Necessity is the mother of innovation; competition is the antidote of complacency. From the Cola War between Coca-Cola and PepsiCo to the Browser War between Internet Explorer and Netscape, consumers are often the winner in a business war.

In the startup world, where the winner can take all and there is a first-mover advantage, the competition is usually fierce because a foothold can quickly become a stronghold. Think of the big tech companies: Google, Amazon, Facebook, and Apple. They are now very much a threat to everyone and difficult to compete with.  To an extent, Youtube has monopolized the video content space while Facebook owns the largest share of the social media market, leaving the likes of Snapchat and Twitter in the dust.

These two Nigerian fintech startups, Piggyvest (formerly Piggybank) and Cowrywise, are not going to let that happen. With innovation, they are bumper-to-bumper.

Piggyvest versus Cowrywise: The tussle thus far….

Piggybank got to the market first. It was launched in February 2016, while Cowrywise arrived a year later in March 2017.

Piggybank got the message loud and clear, so it launched an Android app in July and an iOS app by August 2017. For whatever (strategic) reason, Cowrywise continued to live only on the web. Its only response in that year was the launch of Sisi–a Facebook Messenger bot. Cowrywise launched its Android app in March and iOS app in October 2018, to mark its one year anniversary.

During this period (2016-2018), both Piggyvest and Cowrywise rolled out some additional features on their platforms. Piggybank tweaked its Quicksave feature to allow multiple cards to be used and not just the debit card linked to the account; it launched Piggypoints as a form of reward for saving on the platform; launched PiggyFlex, Safelock with higher interest rates and enabled transfer between PiggyFlex accounts. It is noteworthy that before launching PiggyFlex, Piggybank experimented with Piggylink: a feature that allows their users to receive payment from anyone, including non-Piggybank users.

Conversely, Cowrywise seemed to have come prepared. They have not tinkered with their features that much. In 2017, Cowrywise introduced the Saving Score.

RELATED ARTICLE: "Why would Piggybank introduce a Flex?"

2019 has been quite eventful for both platforms. Piggyvest fired the first shot by launching Investify—an investment feature—which allows its users to participate in crowd-farming and fixed-income investments with as low as ₦5,000.

Cowrywise responded swiftly with Mutual Funds—the feature allows users to invest in mutual funds with as low as ₦100. It also added the Savings Circle, a feature that allows users to do group savings.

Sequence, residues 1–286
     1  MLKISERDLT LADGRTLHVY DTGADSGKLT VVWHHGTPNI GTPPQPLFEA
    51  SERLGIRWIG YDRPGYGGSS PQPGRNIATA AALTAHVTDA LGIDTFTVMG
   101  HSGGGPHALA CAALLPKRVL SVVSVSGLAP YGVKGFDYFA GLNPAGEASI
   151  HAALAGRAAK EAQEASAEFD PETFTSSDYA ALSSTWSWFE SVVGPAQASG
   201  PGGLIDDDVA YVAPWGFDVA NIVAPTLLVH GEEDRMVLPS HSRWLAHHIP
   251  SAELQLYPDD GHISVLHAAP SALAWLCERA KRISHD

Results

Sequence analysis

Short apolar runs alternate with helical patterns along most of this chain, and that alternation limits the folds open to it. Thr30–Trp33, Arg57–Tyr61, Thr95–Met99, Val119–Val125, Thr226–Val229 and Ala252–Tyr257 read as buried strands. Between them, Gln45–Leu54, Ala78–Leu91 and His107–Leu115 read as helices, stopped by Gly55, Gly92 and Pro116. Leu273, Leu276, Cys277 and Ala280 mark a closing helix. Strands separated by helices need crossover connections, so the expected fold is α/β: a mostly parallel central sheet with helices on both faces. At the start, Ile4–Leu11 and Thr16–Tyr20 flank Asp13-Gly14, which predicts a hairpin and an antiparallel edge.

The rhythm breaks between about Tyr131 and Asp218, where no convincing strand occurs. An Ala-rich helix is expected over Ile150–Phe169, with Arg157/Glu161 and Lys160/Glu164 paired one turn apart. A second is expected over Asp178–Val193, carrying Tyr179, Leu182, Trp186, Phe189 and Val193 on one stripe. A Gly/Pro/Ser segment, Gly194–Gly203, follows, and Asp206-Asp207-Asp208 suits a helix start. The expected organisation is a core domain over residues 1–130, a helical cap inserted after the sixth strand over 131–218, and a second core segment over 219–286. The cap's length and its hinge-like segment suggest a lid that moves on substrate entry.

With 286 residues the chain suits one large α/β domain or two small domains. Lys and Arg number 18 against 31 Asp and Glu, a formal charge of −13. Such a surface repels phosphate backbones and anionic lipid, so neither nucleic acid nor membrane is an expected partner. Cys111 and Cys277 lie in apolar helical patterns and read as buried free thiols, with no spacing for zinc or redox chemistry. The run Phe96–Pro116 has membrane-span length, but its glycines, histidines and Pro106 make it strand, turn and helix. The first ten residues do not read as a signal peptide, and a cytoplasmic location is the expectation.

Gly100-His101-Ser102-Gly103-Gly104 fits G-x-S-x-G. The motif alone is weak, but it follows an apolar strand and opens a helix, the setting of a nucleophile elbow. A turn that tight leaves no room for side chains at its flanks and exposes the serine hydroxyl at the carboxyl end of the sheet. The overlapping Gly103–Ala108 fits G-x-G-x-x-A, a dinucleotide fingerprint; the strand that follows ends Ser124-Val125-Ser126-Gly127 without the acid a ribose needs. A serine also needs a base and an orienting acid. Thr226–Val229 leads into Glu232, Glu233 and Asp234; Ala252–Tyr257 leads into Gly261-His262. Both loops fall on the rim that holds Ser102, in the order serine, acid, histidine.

Tolu Adedayo, a user of both platforms, shares his experience

Truth be told, the idea of being able to ‘invest’ to some of us seemed unattainable, probably due to lack of financial literacy. It was something you aspire to do when you have a lot of spare cash and understand how the financial market works.But people that have the spare cash then, too, had to go through portfolio managers or investment firms to complete the very formal process of investing.

The good thing now is that innovators are leveraging technology to make investing more accessible in the easiest way possible.

Personally, I ran from using ALAT (Wema Bank’s digital bank) to Piggyvest until Lola (my friend) introduced Cowrywise to me in her subtle way. She said:

I know you have been using piggybank to do your thing o, but if you see what those guys at Cowrywise have built, it’s really amazing. Just check.

When Piggyvest introduced their new investment options recently (April 2019), Lola and I had a very close look at the invest-in-agriculture feature and we opted in. By adding a feature for investment directly from their platform, Piggyvest has changed the game—and I think they are pioneers in this aspect (first-mover) before others catch-up. Now, potential users have another reason to choose Piggyvest over the competition.

During a conversation, I told Lola that the user acquisition team at Cowrywise and their product strategist will be losing sleep over the recent innovation by Piggyvest. And bingo, Cowrywise introduced the Mutual Funds investment feature (May 2019).

I got the Cowrywise update first, so I texted my economist partner. She shouted:

They are copycats!

The guys at Piggyvest and Cowrywise have proven to be great innovators. Customers needs are always changing. Today, customers want to sell; tomorrow, they want to buy. So, why not find a way to address their ‘buy & sell’ needs?

Finally, I can recommend both platforms for your long term savings and investments.

Looking through the crystal ball, what’s next?

Over the past year, fintechs received the lion's share of the startups funding in Nigeria, as high as 89% in Q3 of 2018. The fintech sector continues to grow and the reason is not far-fetched. About 36.9 million Nigerian adults are financially excluded and the 33.9 million adults that are banked desire better services. Thus, the large number of players in the sector.

Cowrywise and Piggyvest are not the first set of fintechs to be pitched against each other. Flutterwave and Paystack, in their early days, had to clearly communicate their differentiation as both of them address the same problem: payment. Similarly, Cowrywise and Piggyvest address the same problem: savings and investment but their approach is what differentiates them (which would be discussed in a subsequent article).

Like most substitute goods and services, however, a flop by one party is beneficial to the other.


This article was written by Tolu Adedayo, a user acquisition specialist with expertise in growth hacking, SEO/PPC, content strategy/development, data analysis and inbound marketing. He currently heads the content team of a digital marketing agency based in Lagos.